New "MRAM for biomolecules" microchip concept developed using microfluidics and spin valves

Researchers from the National Institute of Standards and Technology (NIST) and University of Colorado Boulder (CU) developed a new chip that uses microfluidics and magnetic switches to trap and transport magnetic beads. This low-power device may be useful for medical devices. This technology may also lead us towards "MRAM" chips used for molecular and cellular manipulation.

In the past, magnetic particle transport chips required continuous power and even cooling. This new technology manages to overcome the power and heat issues, and offers random-access two-dimensional control and non-volatile memory. The prototype chip uses 12 spin valves (commonly used as magnetic sensors in HD read heads) which are optimized for magnetic trapping. Pulses of electric current are used to switch individual spin valve magnets “on” to trap a bead, or “off” to release it, and thereby move the bead down a ladder formed by the two lines. The beads start out suspended in salt water above the valves before being trapped in the array.

Researchers from Hokkaido University aim to fabricate "Beyond CMOS" switching devices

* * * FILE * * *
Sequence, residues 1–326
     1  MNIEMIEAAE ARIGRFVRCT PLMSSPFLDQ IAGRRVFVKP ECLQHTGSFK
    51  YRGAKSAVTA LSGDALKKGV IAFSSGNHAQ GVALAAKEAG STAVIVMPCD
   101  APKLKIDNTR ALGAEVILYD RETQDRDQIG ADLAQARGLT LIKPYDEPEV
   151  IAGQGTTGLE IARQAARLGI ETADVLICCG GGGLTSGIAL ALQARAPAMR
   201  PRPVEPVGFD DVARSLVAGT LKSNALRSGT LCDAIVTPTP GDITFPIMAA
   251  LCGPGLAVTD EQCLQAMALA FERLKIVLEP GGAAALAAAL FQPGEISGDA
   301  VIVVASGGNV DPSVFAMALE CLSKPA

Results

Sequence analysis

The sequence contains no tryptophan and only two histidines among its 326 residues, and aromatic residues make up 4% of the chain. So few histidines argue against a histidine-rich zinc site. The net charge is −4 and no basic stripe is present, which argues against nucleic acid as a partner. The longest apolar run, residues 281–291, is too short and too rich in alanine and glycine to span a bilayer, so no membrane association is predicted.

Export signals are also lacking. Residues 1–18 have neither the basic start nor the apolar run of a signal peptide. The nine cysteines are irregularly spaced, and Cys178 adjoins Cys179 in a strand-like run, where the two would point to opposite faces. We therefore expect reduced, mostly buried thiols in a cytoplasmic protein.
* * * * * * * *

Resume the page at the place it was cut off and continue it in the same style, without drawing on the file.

Researchers from the Quantum Electronics Laboratory at Hokkaido University are studying quantum functional devices, with the aim of fabricating "Beyond CMOS" switching devices. To achieve this, the researchers have proposed "quantum cross devices," which have nanoscale contacts. Quantum cross devices utilize a new structure, where the edges of thin metal films are crossed. In this structure, the contact area depends on the film thickness. For example, metal films 1-20 nm thick can, in principle, form a nanoscale contact with size between 1 x 1 and 20 x 20 square nanometers.

Tokyo researchers study how the behavior of single electrons can be controlled and measured

Researchers at the Tokyo Institute of Technology are studying how precisely the behavior of single electrons can be controlled and measured. The researchers fabricate semiconductor nanostructures, and investigate their behavior on timescales at or below the nanosecond level. They then study the particle and wave properties of electrons, as well as their interaction: